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Backasswards Capacitor

Discussion in 'General Electronics Discussion' started by KEggemeyer, Jan 22, 2013.

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  1. KEggemeyer

    KEggemeyer

    12
    0
    Jan 15, 2013
    I received a circuit design from a friend that looks for the presence or absence of an AC signal and can’t figure out exactly how the capacitor in the circuit works…

    The circuit has a capacitor (0.22 uF) with the upper end attached to the positive 12 v DC supply and the lower end attached to ground through a 1 mega ohm resistor. The 12 v AC signal (pulled from the same transformer before being rectified and filtered) passes through a forward biased diode for half wave rectification and attaches to the MIDPOINT between the capacitor and the resistor. The midpoint is also attached to the inverting input of a comparator. (Imaging a plus sign, capacitor on top, comparator on the right, resistor on the bottom, diode with incoming signal on the left.)

    I know the capacitor is a filter, but I can’t wrap my head around how the capacitor is acting. This is nothing like any standard capacitive filter circuit I’ve seen (albeit my experience is limited). This circuit has the capacitor with the upper end continually at 12 v DC and the lower end bouncing from 0 to 12 volts. Obviously the difference in potential will form a capacitance, but how is this modeled to determine the filtering effect?

    The circuit works, but I just can’t understand it and don’t know what to search for to find more information.

    Thanks!

    Kevin
     
  2. BobK

    BobK

    7,682
    1,688
    Jan 5, 2010
    Are you sure you are describing the circuit correctly? I simulted it and it does nothing, i..e. the voltage fed to the comparator is the same as the input AC voltage.

    On the other hand, if the capacitor and resistor are in parallel, i.e. one side of each of them is connected to ground and the other is connected to the diode, then the voltage builds up to 12V over about 1 second, which seem much more likely to be the desired effect.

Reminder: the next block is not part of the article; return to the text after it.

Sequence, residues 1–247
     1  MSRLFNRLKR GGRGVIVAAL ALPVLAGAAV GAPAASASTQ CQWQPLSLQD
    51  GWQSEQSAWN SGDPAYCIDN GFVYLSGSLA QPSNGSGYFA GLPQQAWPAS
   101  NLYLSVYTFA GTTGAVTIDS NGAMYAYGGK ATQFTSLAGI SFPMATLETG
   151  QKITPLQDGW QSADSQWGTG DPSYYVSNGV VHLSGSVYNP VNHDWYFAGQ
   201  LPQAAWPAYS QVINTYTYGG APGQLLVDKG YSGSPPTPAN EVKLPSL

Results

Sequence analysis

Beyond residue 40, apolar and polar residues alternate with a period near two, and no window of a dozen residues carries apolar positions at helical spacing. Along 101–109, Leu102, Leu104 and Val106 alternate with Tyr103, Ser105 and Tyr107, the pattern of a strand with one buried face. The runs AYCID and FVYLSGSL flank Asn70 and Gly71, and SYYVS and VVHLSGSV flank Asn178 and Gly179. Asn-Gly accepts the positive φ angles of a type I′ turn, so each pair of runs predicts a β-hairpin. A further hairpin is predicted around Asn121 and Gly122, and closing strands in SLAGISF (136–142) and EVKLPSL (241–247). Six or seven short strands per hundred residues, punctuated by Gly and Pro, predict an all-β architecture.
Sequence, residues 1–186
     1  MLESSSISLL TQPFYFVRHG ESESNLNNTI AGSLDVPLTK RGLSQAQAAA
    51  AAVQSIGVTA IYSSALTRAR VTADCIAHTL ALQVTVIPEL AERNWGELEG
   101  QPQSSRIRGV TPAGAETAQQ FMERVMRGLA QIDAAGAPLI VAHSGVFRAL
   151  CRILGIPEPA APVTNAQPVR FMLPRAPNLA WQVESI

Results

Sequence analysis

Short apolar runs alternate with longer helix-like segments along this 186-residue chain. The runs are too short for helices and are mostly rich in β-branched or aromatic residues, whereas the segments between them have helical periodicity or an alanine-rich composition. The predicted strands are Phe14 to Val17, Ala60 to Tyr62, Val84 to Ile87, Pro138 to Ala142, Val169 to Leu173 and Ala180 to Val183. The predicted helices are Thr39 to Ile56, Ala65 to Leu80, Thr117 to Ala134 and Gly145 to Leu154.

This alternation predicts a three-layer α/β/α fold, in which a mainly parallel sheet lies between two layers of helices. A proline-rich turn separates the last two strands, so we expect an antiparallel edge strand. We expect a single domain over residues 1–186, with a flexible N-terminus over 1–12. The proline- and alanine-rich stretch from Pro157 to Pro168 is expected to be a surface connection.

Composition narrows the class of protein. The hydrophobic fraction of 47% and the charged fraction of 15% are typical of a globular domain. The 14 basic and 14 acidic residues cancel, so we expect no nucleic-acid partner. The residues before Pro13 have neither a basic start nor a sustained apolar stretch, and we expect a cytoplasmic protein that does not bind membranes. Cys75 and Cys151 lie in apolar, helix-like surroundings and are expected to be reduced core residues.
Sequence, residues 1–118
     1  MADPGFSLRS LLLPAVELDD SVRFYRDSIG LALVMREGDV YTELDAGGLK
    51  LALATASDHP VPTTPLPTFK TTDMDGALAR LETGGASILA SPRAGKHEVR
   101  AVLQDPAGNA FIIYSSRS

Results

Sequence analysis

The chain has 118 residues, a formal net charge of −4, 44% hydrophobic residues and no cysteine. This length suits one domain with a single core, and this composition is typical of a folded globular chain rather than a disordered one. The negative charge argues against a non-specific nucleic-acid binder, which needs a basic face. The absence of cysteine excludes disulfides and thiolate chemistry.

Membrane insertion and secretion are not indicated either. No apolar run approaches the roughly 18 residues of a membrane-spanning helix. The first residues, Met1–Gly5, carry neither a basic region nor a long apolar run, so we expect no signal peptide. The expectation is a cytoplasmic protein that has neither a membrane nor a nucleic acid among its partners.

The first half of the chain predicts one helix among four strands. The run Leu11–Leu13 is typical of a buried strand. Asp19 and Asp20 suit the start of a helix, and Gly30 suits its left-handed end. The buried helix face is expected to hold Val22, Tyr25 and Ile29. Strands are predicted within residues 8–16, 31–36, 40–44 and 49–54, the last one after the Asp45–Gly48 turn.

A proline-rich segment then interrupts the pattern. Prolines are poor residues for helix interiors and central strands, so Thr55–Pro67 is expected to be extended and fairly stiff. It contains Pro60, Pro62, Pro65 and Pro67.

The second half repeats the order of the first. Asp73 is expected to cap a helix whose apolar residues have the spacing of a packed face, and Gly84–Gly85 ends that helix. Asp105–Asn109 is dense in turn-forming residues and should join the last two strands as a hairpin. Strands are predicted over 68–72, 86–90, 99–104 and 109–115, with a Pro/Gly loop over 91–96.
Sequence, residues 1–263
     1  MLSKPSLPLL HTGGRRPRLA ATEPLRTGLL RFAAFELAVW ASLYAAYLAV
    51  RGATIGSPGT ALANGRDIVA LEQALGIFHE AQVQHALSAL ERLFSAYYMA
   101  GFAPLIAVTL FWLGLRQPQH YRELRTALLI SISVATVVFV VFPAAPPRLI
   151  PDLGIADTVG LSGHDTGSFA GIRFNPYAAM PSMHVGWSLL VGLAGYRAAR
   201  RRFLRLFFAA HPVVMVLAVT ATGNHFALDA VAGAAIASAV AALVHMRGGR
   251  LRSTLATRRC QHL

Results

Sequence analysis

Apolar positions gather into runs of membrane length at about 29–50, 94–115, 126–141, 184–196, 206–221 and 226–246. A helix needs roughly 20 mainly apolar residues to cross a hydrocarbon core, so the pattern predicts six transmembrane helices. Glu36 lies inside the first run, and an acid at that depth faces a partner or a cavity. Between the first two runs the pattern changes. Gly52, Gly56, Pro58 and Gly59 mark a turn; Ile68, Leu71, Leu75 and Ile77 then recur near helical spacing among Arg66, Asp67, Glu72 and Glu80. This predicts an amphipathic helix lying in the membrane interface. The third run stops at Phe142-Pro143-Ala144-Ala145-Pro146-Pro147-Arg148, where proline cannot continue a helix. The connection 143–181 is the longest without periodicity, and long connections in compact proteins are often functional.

Edited: Never mind, I think I misread your circuit. How about a schematic so I won't make that mistake again?

    Bob
     
    Last edited: Jan 22, 2013
  3. Harald Kapp

    Harald Kapp Moderator Moderator

    11,513
    2,651
    Nov 17, 2011
    A schematic would be of great help.
     
  4. KEggemeyer

    KEggemeyer

    12
    0
    Jan 15, 2013
    Thank you for the replies. I've attached a schematic.
     

    Attached Files:

  5. Timescope

    Timescope

    43
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    Aug 30, 2012
    When ac is present, the diode and series resistors charge the bottom of the capacitor upwards, and the maximum voltage is limited by the zener diode. When there is no ac input, the capacitor discharges towards ground with a time constant of 0.22uF x 1.5 M ohms = 0.33 seconds and when it falls below 9.2 volts, the comparator output changes state.
    Timescope
     
  6. KEggemeyer

    KEggemeyer

    12
    0
    Jan 15, 2013
    Timescope,

    Does it have to do with the capacitor not being instantly able to charge to +12 v on one plate and ground on the other----an RC time constant? At the top of the sign wave, the plates are at the same potential (near +12 volts), the half wave signal drops to ground and the capacitor starts to charge (bottom plate headed for ground), but it takes time to get there (RC time constant) and before it can the half sign wave is back. Therefore, the comparator always sees a voltage near +12 v DC. Is that it?

    I guess I've just never seen a capacitor charged from the negative end...??? Of course, I'm new at this! ; )

    Kevin
     
    Last edited: Jan 22, 2013
  7. Timescope

    Timescope

    43
    0
    Aug 30, 2012
    Actually, you are right. The diode and resistors keep the capacitor discharged when ac is present and it charges to ground when ac is absent. The peak of a sine wave is 1.414 (root 2) times the rms voltage so if the zener diode was not in the circuit, the bottom of the capacitor would rise above 12v.
    The capacitor is connected like this to put the circuit in the "ac present" state when power is first applied to the circuit.

    Timescope
     
  8. KEggemeyer

    KEggemeyer

    12
    0
    Jan 15, 2013
    Another one of those "Oh, duh!" moments for me. It seems easy now that I understand it. Thanks for the help!

    Kevin
     
  9. Timescope

    Timescope

    43
    0
    Aug 30, 2012
    That's wonderful. You are welcome.

    Timescope.
     
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